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Frenchman fined for sub-letting flat on Airbnb

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Frenchman fined for subletting apartment on Airbnb website. Screengrab: Airbnb.
11:11 CEST+02:00
Tenants in France might want to think twice before they consider using rental sites such as Airbnb to boost their income after a Parisian was recently fined €2,000 for illegally sub-letting his apartment on the website.

A tenant in the 9th arrondissement of Paris has been charged with illegally subletting his apartment using the popular short-term room-rental website Airbnb.

Although cases of illegal subletting are nothing new in France, this is the first known case in France involving the website, which is popular among tourists in the notoriously expensive French capital.

According to Le Monde, the tenant in question profited from an average of €180 per month from occasionally subletting his apartment on the website.

Guests included two “travelling friends” who paid €300 each per month, Le Parisien reported.

Protesting the charges, the man claimed he gained “absolutely no advantage” from renting out his flat and that the guests were simply contributing towards living costs.

But in February the tenant was forced to pay €2,000 to his landlord, the SCPI, a real-estate investment trust, for failure to perform his obligations as a tenant.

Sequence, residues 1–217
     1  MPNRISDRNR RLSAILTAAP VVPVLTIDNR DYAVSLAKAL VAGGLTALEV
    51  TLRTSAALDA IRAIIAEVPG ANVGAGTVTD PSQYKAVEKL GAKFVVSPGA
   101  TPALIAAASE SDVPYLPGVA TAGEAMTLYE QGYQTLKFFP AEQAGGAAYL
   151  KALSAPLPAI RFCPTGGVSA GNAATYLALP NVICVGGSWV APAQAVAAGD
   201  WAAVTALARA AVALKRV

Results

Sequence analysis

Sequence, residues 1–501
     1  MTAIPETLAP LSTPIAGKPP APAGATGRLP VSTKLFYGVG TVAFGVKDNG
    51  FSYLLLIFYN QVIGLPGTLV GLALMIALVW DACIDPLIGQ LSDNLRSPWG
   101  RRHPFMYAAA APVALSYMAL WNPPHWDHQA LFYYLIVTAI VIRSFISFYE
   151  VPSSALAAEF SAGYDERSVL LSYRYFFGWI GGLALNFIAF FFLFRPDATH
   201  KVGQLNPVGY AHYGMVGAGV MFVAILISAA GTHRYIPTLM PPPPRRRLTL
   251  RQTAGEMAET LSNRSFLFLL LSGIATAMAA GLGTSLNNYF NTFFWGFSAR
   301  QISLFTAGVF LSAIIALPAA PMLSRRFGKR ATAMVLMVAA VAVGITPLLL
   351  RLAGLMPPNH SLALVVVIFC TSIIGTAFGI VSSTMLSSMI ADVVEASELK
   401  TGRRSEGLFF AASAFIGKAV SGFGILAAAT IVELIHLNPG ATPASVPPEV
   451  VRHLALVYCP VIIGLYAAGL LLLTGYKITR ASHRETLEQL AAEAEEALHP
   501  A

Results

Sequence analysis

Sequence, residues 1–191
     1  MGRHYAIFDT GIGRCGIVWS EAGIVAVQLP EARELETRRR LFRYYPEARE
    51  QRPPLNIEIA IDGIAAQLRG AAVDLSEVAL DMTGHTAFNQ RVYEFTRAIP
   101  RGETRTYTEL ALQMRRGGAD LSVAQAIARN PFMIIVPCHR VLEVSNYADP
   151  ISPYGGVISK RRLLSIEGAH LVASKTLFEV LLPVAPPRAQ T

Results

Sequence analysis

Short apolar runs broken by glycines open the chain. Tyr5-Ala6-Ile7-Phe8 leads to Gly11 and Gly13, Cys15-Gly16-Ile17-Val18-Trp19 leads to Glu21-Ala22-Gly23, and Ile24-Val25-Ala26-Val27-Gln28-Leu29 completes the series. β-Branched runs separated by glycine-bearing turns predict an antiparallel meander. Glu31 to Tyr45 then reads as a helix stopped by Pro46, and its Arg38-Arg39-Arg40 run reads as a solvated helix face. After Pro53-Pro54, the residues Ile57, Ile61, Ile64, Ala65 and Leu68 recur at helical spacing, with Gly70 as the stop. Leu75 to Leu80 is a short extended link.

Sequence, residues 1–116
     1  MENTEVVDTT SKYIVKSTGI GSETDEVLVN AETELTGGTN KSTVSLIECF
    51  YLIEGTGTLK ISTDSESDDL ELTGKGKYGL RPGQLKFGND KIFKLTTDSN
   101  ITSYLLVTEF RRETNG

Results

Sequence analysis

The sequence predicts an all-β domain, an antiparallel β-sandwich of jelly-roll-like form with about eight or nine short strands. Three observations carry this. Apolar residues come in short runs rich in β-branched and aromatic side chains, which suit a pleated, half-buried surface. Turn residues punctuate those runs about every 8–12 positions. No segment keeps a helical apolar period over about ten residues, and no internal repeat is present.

By French law, landlords are forbidden from renting out their main apartments for less than a year, or nine months in the case of a student.  

In the case of seasonal rentals, the only obligation concerns secondary residences in towns with more than 200,000 inhabitants, in which case the landlord must register at the town hall, according to Le Monde.

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“The problem is not so much Airbnb, or other similar sites, but rather subletting in general,” David Rodrigues a legal advisor at the CLCV housing association told the paper. “You need a written authorization from the landlord and the rent cannot be higher than the price per metre squared that you are paying.”

Founded in San Francisco in August 2008, Airbnb boasts 500,000 listings in 33,000 towns and cities in 192 countries. In April the company was valued at  $10 billion.

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